Judges in Hawaii, Maryland put Trump's travel ban on hold
U.S. president's own words used as evidence that the order discriminates against Muslims
Rejecting arguments from the U.S. government that President Donald Trump's revised travel ban was substantially different from the first one, judges in Hawaii and Maryland blocked the executive order from taking effect as scheduled on Thursday, using the president's own words as evidence that the order discriminates against Muslims.
The rulings in Hawaii late Wednesday and in Maryland early Thursday were victories for civil liberties groups and advocates for immigrants and refugees, who argued that a temporary ban on travel from six predominantly Muslim countries violated the First Amendment. The Trump administration argued that the ban was intended to protect the United States from terrorism.
In Greenbelt, Md., U.S. District Judge Theodore Chuang, who was appointed by former president Barack Obama, called Trump's own statements about barring Muslims from entering the United States "highly relevant." The second executive order removed a preference for religious minorities from the affected countries, among other changes that the Justice Department argued would address the legal concerns surrounding the first ban, which was also blocked in court.
"Despite these changes, the history of public statements continues to provide a convincing case that the purpose of the second executive order remains the realization of the long-envisioned Muslim ban," Chuang said.
'Evidence of religious animus'
The initial ban sparked chaos at U.S. airports and widespread criticism around the world when it was signed in January. It was later blocked by a judge in Washington state, a ruling that was upheld by the 9th U.S. Circuit Court of Appeals.
In Honolulu, U.S. District Judge Derrick Watson criticized what he called the "illogic" of the government's arguments and cited "significant and unrebutted evidence of religious animus" behind the travel ban. He also noted that while courts should not examine the "veiled psyche" and "secret motives" of government decision-makers, "the remarkable facts at issue here require no such impermissible inquiry."
Watson also wrote, referring to a statement Trump issued when he was a presidential candidate, "For instance, there is nothing 'veiled' about this press release: 'Donald J. Trump is calling for a total and complete shutdown of Muslims entering the United States."'
White House calls ban lawful
White House press secretary Sean Spicer said Thursday that the ban is lawful and suggested that the judges were overstepping their authority.
"I think for a judge to ignore that statute and talk about tweets or interpreting something that happened during the campaign trail is not in keeping with how they're supposed to interpret the law," Spicer said. "We tailored that second executive order to comply with the judge's order."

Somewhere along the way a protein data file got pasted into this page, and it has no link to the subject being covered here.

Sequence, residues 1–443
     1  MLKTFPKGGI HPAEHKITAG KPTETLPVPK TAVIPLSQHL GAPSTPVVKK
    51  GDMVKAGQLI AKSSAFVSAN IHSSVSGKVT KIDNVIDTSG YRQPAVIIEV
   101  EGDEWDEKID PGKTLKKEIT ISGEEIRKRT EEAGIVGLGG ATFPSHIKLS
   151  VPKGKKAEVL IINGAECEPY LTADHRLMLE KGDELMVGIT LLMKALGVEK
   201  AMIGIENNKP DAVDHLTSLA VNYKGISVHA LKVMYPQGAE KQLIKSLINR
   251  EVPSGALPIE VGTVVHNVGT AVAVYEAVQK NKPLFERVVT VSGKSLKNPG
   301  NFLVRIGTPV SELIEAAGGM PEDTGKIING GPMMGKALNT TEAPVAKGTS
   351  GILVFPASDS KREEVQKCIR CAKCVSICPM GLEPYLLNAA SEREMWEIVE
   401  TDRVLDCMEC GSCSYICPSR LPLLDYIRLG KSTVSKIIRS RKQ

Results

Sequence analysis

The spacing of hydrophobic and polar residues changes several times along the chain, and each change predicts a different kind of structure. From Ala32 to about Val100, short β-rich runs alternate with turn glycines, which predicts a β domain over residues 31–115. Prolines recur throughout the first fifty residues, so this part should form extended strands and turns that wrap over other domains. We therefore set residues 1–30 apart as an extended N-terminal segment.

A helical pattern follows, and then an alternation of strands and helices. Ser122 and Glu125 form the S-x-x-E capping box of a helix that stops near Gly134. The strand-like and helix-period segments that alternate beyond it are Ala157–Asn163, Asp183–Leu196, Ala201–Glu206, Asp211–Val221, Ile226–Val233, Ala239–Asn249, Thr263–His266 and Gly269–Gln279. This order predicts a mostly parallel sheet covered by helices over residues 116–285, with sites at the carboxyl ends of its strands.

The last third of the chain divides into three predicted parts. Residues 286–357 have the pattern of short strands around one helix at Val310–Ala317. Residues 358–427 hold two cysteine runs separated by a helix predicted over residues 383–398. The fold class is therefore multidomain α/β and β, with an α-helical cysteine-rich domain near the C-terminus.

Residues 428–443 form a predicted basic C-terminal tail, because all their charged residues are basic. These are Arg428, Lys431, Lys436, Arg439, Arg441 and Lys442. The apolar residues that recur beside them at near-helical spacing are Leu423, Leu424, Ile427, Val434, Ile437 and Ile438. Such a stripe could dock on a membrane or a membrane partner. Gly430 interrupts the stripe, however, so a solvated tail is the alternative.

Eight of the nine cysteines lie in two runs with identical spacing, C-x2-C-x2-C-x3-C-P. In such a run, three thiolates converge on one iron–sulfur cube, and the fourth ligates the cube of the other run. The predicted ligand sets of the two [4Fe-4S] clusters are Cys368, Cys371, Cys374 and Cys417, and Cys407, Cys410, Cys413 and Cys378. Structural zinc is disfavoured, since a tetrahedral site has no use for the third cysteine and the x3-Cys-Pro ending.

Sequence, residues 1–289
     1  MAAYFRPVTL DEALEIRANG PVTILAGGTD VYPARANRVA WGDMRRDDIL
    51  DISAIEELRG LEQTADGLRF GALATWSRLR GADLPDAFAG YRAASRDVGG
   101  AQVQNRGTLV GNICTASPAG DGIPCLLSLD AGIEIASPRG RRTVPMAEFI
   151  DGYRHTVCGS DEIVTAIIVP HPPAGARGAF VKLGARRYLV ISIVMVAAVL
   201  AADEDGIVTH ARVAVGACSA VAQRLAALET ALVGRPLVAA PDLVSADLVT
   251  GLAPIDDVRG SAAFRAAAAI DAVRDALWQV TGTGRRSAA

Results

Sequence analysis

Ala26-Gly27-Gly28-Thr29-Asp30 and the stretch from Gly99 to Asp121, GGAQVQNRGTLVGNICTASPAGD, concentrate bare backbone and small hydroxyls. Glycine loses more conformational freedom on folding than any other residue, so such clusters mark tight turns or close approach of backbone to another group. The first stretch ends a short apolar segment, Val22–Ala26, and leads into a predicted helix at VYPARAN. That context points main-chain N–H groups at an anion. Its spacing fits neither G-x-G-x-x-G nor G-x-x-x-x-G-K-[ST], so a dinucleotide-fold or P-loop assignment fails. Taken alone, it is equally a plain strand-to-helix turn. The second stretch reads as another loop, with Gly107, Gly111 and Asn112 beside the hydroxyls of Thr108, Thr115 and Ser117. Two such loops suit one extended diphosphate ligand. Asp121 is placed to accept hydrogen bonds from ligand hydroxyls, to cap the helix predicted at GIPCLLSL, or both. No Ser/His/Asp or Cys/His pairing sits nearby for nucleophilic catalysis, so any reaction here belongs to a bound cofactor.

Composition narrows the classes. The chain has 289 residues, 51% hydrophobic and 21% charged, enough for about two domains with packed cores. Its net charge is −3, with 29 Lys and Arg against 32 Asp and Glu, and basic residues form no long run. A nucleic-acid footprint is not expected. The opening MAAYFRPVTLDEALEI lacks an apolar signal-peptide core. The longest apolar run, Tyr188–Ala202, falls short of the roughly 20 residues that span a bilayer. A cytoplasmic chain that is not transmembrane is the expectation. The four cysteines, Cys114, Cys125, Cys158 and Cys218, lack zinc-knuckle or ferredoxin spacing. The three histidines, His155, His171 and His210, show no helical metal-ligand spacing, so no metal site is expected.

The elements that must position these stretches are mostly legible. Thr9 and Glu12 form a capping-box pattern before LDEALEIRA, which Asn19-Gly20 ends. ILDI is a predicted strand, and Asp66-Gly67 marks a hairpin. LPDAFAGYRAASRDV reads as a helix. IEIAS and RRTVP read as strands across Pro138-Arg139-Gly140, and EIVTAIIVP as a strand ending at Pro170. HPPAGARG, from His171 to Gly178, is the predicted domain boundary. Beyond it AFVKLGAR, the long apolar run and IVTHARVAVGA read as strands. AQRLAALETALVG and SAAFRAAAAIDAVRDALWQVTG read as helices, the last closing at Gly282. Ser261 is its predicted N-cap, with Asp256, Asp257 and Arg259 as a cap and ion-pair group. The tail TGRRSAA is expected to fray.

The Justice Department said in a statement that it would continue to defend the ban. The case was argued in court by acting U.S. Solicitor General Jeffrey Wall, who said the ban "doesn't say anything about religion."
"It doesn't draw any religious distinctions."
Administration will appeal
Speaking Wednesday evening at a rally in Nashville, Trump called the ruling in Hawaii an example of "unprecedented judicial overreach" and said his administration would appeal it to the U.S. Supreme Court. He also called his new travel ban a watered-down version of the first one, which he said he wished he could implement.
"We're going to win. We're going to keep our citizens safe," the president said. "The danger is clear. The law is clear. The need for my executive order is clear."
While the Hawaii ruling temporarily blocks the travel ban, a temporary ban on refugees and a cap on the number of refugees who can enter the country, Chuang's ruling in Maryland applies only to the travel ban. The Maryland ruling took the form of a preliminary injunction, which will remain in effect indefinitely as the case is litigated. Chuang was also the first judge to stop the ban outside the 9th Circuit, which has a liberal reputation.
"Unless and until the president realizes that this is a battle in which he's going to keep losing and decides to do the right thing and abandon this course, for as long as he's on it we'll keep litigating it and I think we're going to keep winning," said Omar Jadwat, who argued the case for the American Civil Liberties Union in Maryland.
Chuang wrote that the plaintiffs didn't sufficiently develop their argument that a temporary ban on refugees discriminates on the basis of religion. Plaintiffs in the Maryland case also had sought to stop a portion of the order that would reduce the number of refugees allowed to enter the country this fiscal year from 110,000 to 50,000.